Like us on Black Friday weekend, Germany is turning a blind eye to its credit limit and hoping everything turns out okay in the end.
Driving the news: Germany will suspend a constitutional limit on new borrowing for the fourth year running as it scrambles to fill a €60 billion hole in its climate-focused fund, which has sparked a debate over whether its “debt brake” is slowing down needed investments.
- Spending plans were thrown out of wack after a court ruled that the government could not use funds initially dedicated to pandemic spending for something else.
Catch-up: Many countries — though not Canada — have limits on the amount of debt they can take on, serving as a way to bring everyone on the same page with what’s being spent and help avoid excessive debt, which can hurt a country’s ability to borrow in the long run.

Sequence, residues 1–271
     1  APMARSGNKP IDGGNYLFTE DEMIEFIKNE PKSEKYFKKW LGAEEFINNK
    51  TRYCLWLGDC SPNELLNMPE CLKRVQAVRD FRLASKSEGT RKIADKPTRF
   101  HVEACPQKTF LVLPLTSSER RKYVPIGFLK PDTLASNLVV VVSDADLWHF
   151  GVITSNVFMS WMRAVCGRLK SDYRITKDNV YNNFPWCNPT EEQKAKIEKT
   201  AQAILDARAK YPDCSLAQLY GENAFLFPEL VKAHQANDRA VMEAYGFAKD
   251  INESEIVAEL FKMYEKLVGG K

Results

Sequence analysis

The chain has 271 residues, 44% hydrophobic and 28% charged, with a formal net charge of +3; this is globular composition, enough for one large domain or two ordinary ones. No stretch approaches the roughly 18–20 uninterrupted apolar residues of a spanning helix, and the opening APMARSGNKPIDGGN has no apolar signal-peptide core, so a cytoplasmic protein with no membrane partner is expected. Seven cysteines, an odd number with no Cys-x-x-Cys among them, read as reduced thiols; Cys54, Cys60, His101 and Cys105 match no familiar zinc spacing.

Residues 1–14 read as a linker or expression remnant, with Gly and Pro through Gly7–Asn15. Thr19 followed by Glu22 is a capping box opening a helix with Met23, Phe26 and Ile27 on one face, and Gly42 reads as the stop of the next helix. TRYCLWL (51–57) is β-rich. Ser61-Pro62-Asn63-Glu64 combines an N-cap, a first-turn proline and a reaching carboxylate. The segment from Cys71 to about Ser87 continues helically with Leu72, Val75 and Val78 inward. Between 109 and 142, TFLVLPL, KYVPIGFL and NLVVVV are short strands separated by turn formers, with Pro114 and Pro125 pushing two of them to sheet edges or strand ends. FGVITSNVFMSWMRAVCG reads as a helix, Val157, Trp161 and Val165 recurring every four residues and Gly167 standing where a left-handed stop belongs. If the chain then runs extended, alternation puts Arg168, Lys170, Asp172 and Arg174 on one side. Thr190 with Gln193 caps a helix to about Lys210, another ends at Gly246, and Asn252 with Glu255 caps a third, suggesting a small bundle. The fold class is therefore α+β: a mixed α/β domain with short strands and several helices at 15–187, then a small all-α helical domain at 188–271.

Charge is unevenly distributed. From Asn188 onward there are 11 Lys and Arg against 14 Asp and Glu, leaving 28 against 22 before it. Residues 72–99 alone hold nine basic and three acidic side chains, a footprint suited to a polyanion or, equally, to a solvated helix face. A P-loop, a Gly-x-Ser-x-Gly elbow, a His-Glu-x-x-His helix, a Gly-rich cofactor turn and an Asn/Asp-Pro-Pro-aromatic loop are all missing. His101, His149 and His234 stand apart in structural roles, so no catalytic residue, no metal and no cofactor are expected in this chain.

- The thing is, it’s possible to ignore these limits. The U.S. has raised its ceiling 78 times, and several EU countries carry far more debt than their limit of 60% of GDP.
Why it matters: Like many rich-world countries, Germany feels not-so-rich after years of rampant pandemic spending. Yet it’s facing new pressures to keep its economy growing with new investments (which, in Canada, means basically writing blank cheques for EV makers).
Bottom line: As governments try to borrow even more, the costs for servicing that debt (interest) are soaring — Germany’s government must now pay 3% to borrow for ten years. Around the world, the costs of interest alone make up a growing share of spending.—SB